Do 3D Scans Show More Trauma To Baby's Head At Birth Than We Knew?

By Jamie Wells, M.D. — May 20, 2019
It's no walk in the park to be born, for mom or baby. A new study hopes to shed light on just how stressful an average, uneventful delivery is on the fetal head and brain.
Mikael Häggström [CC0] -Wikimedia Commons

There is little as fascinating as maternal-fetal physiology, given that pregnancy itself is the most well-designed suspension system in the world. Add to this complexity the dynamic nature of birth. The transition required to be sustained by the umbilical cord inside the womb, then squeeze and pass through the vaginal canal into the outside world where the cord is cut and a baby takes his or her first breath. It is a continuous cascade of events that for mother and infant is no walk in the park, even under the most ideal conditions. Now, a study in PLoS ONE hopes to shed light on just how stressful an average, uneventful delivery is on the fetal head and brain - and it has the 3D magnetic resonance imaging (MRI) scans to show for it.

You see, the skull at that young age resembles plate tectonics. It is made of multiple soft pieces, that have some built-in compliance features like suture lines, spaces and general elasticity which morph and bend when compressed. This malleability facilitates undergoing the pressure and stress of delivery and afterwards affords the baby’s brain room to grow as he or she matures and develops. It is not until later that things fully fuse and the skull becomes more fixed. All of this enables a baby to be born and that is why the head often appears misshapen due to the changes it undergoes from the extent and duration of pressure it endures in the birth canal. This is called molding.

Sometimes the changes involve more extensive overlapping of the bony plates. This is what was depicted in the research just published where “3D MRI assessment using 3D finite element mesh reconstruction to compare the head between pre-labor and the second stage of labor” was performed. The sample size was very small and there were many limitations to the work given all the moving parts of delivery and ensuring the safety of mom and baby - but, the pictures are captivating, see here. That said, the researchers do raise the question of whether what we consider normal labor can be considered that when some fetal heads and brains undergo substantial deformation.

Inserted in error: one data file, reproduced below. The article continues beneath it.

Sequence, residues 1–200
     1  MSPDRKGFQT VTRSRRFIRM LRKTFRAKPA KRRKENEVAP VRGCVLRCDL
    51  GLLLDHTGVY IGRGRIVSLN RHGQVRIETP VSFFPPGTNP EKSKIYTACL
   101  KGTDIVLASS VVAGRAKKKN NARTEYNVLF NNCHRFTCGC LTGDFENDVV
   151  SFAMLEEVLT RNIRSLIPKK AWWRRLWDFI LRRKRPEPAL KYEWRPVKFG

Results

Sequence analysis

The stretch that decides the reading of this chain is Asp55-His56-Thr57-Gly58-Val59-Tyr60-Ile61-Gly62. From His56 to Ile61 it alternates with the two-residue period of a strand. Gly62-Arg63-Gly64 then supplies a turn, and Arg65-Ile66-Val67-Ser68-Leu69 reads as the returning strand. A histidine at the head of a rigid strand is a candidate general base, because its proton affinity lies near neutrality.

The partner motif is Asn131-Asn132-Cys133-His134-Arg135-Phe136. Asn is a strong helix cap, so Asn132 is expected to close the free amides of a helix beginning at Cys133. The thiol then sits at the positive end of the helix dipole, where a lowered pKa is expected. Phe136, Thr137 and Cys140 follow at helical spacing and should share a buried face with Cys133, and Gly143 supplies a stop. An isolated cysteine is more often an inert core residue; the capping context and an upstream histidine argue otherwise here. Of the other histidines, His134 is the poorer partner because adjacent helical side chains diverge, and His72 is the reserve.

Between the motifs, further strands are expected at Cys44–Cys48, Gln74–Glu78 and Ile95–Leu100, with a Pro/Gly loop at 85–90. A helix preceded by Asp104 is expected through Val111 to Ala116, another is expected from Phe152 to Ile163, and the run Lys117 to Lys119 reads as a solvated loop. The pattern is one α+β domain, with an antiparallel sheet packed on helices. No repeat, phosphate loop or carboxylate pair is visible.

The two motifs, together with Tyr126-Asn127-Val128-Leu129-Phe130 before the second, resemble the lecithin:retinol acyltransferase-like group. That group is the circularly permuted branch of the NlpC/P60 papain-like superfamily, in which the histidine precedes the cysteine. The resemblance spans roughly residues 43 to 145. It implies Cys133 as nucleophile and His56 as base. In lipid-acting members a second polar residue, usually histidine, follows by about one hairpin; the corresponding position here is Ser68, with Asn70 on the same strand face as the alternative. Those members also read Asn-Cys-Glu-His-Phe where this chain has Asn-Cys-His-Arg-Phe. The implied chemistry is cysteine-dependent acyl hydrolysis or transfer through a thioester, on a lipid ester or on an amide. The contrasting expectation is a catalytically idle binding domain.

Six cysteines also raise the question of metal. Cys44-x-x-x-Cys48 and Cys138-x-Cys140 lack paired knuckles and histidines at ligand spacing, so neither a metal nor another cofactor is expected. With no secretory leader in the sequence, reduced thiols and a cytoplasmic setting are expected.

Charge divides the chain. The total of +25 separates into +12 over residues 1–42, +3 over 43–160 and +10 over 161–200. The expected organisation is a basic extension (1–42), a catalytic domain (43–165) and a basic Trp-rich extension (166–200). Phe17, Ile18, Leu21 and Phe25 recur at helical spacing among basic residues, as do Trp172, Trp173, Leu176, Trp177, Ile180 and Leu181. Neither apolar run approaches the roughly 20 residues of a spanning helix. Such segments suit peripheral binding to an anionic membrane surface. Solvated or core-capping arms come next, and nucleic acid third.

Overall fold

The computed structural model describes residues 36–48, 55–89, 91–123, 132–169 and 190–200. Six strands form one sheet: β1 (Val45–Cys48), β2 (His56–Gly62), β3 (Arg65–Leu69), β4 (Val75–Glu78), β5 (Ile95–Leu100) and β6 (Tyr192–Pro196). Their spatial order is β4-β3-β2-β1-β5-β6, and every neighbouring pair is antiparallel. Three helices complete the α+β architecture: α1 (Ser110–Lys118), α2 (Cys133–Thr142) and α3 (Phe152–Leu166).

With the observations from these real-time simulations, they suggest “childbirth should perhaps be considered normal when a parturient gives birth naturally with only a few expulsive efforts, and her child is fine and has no consequences due to the shape changes of its brain during the process.” At present, a wide range of findings would fall under the “normal birth trauma” umbrella. For instance, it is not uncommon in an otherwise normal vaginal birth to have some bruising, even retinal or brain hemorrhages (or bleeds) and a fractured clavicle. This is often due to maternal and fetal factors (eg large fetal head, narrow maternal pelvis). This study only explored low risk scenarios, and only a few at that.

The utility of this imaging does inform beyond what can be observed with existing digital exams or external device monitoring. But, MRI is currently a cumbersome, impractical tool and how it can adapt for pathological births is unknown. Maybe that will change. As it stands, what was required to obtain this data warranted a significant care burden to ensure maternal and fetal safety in births that had low risk pregnancies, and still a couple needed C-sections. Understanding ways to “detect and prevent biomechanical risks linked to childbirth” is always a worthy endeavor and as a result of the ethical considerations necessary to evaluate real-time birth comprehensively the process will be complicated.


Ami O, Maran JC, Gabor P, Whitacre EB, Musset D, Dubray C, et al. (2019) Three-dimensional magnetic resonance imaging of fetal head molding and brain shape changes during the second stage of labor. PLoS ONE 14(5): e0215721.

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